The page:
Instagram has become one of the go-to social media platforms for creating and sharing content. The selection of content types means creators can engage with their audience in a variety of ways, building a repository of guides, videos, behind-the-scenes footage, unboxing videos, and everything in between.
Instagram Business accounts are best suited to influencers and creators who have started their own product lines or sell services, as the access to targeted ads and demographic data makes it easier to reach people who might be interested in becoming a client or customer.
Play as you go: things to consider when you post on your business account
Creating a huge, hypothetical strategy probably isn’t as valuable as learning through experimentation. Trial and error will give you insights into what content is a hit and what’s a miss, as well as who it is you’re reaching and their main pain points.
Understanding who your audience is, planning content out to fit their needs, and creating a monetization plan (whether it’s through affiliates, selling products, or via brand partnerships) can help focus your efforts and drive your experimentation–-here are some questions to ask yourself.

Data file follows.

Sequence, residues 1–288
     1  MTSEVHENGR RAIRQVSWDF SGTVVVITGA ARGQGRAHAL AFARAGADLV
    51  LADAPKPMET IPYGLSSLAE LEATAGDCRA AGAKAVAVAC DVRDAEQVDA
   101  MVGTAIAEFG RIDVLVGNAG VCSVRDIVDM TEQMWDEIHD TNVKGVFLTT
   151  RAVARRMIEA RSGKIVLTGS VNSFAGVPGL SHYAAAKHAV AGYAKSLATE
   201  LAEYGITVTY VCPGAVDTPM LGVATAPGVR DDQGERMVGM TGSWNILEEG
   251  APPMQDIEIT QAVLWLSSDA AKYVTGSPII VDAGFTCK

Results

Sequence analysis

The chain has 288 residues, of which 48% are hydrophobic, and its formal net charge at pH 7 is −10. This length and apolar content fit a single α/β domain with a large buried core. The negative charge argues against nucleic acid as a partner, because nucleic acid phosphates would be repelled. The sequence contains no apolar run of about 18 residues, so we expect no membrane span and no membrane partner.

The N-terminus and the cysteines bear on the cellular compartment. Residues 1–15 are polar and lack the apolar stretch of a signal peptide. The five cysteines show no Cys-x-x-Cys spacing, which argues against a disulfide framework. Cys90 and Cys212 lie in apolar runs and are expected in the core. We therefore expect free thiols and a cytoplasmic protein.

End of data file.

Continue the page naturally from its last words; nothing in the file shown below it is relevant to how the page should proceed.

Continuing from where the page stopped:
1. WHO you’re posting for
- Who do you want to reach?
- What are their biggest problems?
- How can you solve those problems?
- What kind of content do they want to see?
Dig deeper by conducting audience research, scouring relevant hashtags, running audience surveys, and digging into any available insights you have.
Look at the questions your target audience is asking on social media, check competitor feeds to see what kind of posts get the most interaction, then use this information to craft an image of your ideal follower.
2. WHAT you’re posting
- What kind of content will you post?
- What type of posts get the most engagement?
- What are your goals with Instagram?
Figure out what your goal is with each post—Driving consumers to your site? Selling your latest product? Encouraging comments?—and determine what type of Instagram posts fit that need. Experiment with a mixture of Stories, Reels, feed posts, and videos to see what works best with your audience.
For example, if you’ve created a recipe for your latest nut butter product, you might show it in action via a Reel, or if you’ve collected UGC of consumers unboxing and using your products, you might post a series of Stories to highlight them, like Glossier.
Glossier reshares UGC in its Stories under its Top 5 series.
Consider your posting schedule and how often you’ll share content each week. Adam Mosseri, Head of Instagram, suggests “a couple of feeds a week, a couple of Stories per day.”